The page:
Royal College of Psychiatrists: Public Say No to Mental Health Legislation

The public do not support proposed laws that would make it easier to detain and treat people with mental health problems against their wishes, according to a new YouGov poll.

The poll, commissioned by the Royal College of Psychiatrists, showed that 72% of those surveyed do not think that people with mental health problems should be forced to have ‘treatment’ from which they cannot benefit. And 68% do not believe that hospitals should be used to detain people with mental health problems if they cannot benefit from treatment and have committed no crime.

The results were released in advance of this week’s second reading of the Mental Health Bill in the House of Commons. The Government has indicated that it intends to force through amendments to the current Bill. The Royal College of Psychiatrists believes that this would bring far more people who cannot benefit from ‘treatment’ within the scope of mental health legislation and make it more likely people would be detained and treated inappropriately.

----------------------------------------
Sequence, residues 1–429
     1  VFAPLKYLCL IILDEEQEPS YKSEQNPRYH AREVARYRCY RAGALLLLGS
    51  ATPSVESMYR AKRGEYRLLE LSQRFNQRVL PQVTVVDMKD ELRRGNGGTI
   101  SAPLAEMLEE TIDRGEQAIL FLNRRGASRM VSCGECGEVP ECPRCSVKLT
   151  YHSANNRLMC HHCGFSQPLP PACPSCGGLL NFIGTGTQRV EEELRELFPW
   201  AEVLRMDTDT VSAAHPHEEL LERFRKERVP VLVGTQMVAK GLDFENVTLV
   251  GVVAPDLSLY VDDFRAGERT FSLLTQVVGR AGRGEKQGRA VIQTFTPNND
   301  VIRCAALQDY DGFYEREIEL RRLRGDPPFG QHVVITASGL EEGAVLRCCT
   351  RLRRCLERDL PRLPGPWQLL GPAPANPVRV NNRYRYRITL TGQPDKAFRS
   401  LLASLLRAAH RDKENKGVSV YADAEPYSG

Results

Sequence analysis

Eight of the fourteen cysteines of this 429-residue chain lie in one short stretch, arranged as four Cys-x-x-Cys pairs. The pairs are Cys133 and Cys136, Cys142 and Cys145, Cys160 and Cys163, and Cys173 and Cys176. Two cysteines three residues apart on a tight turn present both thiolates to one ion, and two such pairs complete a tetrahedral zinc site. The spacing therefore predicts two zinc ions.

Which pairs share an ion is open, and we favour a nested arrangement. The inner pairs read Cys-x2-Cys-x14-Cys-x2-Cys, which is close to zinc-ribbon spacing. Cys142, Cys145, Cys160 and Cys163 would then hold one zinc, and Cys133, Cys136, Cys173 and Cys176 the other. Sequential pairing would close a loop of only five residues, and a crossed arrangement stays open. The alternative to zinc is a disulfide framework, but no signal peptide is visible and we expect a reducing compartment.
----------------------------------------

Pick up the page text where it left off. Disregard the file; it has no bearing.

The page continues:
The YouGov poll also showed that the public views are based on a first-hand knowledge of mental health issues. 63% of those polled knew someone who has suffered from mental health problems and 88% of those did not believe that these people presented a risk to the public.

“We had a number of serious concerns with the original Bill and wanted to know whether the general public shared our views,” says Professor Sheila Hollins, President of the Royal College of Psychiatrists. “We believe that this poll clearly shows that they do.

“The danger in such overtly tough, overly inclusive legislation is that it will deter people with serious mental health problems from seeking early help. Without such treatment they could become a risk to the public, while remaining unknown to the very people who could help them.

“It may also make patients so fearful of incarceration that they may not be open with us about their symptoms. Thirdly it will be a strain on resources. If valuable hospital beds are filled with people who can’t be helped then they won’t be available for patients who can be effectively treated.

“The British people clearly understand many of the issues around mental health and are sympathetic towards people with mental health problems. The House of Lords has made some very sensible amendments to the Bill, which if retained would lead to fair and effective mental health legislation fit for the 21st Century. We call on the Government and all MPs not to overturn these amendments in The Commons.”